FS: We tried to involve the officers as much as possible in the scheduling of the furloughs and try to keep the lines of communication open. We also went for more grants to assist with equipment needs.
JS: Personnel [was hit hardest]. We were scheduled to hire 40 to 50 officers for our agency this year to get close to our authorized strength [but] we hired only half as many. This was also put off until the last quarter of the year to use salary not paid to new officers to meet some of the budget shortfalls.
What was the most innovative or most exciting product introduced in your career? Or recently?
JM: When I first started, carbon paper was just being replaced by PCs in the station. (Seriously.) Nowadays, we use fingerprint machines that can identify a subject in 30 seconds on the street. We also have a camera that can identify stolen license plates and people's faces that are wanted. Almost all squads have PCs in them, some with cameras, some with long rifles with optics, body armor that is rifle capable, etc. It amazes me that as the dangers have increased, so has the technology to combat those dangers. It's comforting to see that administrators recognize the dangers at the street level and are equipping officers accordingly.
Have there been changes to the threats officers are facing?
MN: The threats facing officers seem to be driven by the current economic condition. Statistical information is not available as yet, which would indicate if crime/reported crime is increasing [or] decreasing due to the dramatic effects on the job market. On top of this condition is the threat or planned reduction of the sheriff's workforce. These reductions ultimately mean less officers on the street, greater response times and reduction in service.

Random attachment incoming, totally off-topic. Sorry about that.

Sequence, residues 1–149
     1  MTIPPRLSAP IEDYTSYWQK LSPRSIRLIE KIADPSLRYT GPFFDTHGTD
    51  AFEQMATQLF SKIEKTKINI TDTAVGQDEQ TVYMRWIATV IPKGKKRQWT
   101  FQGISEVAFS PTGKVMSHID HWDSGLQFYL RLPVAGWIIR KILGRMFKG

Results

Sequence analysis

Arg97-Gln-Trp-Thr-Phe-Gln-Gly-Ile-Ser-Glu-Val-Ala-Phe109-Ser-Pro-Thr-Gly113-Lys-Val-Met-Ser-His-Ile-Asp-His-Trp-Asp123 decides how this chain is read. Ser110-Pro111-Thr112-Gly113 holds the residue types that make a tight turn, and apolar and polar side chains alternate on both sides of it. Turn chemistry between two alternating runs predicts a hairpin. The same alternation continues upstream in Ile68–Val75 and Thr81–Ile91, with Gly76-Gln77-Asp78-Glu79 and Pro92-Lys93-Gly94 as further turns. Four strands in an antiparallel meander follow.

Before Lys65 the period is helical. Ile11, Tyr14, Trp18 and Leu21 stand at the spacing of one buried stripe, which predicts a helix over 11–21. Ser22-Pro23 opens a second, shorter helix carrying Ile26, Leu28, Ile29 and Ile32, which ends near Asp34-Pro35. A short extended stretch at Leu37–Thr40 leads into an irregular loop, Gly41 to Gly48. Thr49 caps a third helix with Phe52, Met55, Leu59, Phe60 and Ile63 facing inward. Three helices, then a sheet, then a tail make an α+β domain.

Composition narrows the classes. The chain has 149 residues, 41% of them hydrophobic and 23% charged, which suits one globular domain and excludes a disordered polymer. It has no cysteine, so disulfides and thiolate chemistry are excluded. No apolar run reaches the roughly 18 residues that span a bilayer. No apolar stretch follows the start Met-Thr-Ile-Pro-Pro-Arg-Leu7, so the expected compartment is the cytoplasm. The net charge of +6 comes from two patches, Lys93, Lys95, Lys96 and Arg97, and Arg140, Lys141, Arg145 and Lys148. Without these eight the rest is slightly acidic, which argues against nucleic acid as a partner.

FS: The officers' identity is easily assessable via the Internet now. It was much easier in the past to "conceal" your address or phone and personal information. [Officers should] make families aware of the easy access to information and suggest alternatives to [posting] public information.
JS: The emerging threat [in the St. Paul area] has been a new wave of East African and Mexican gang networks that cause us to have to learn new approaches to gang intelligence and culture.
What would you like to see addressed in terms of equipment, training or personal protection?
PC: We'd like to see something that, if you're in the pursuit of a vehicle, [officers] have the capability of somehow shutting that car off.
JM: The use of Blackboard, Sharepoint and other data-sharing programs can increase the efficiency of an agency. If used correctly to train members and network with outside jurisdictions, those type of technology can streamline policing.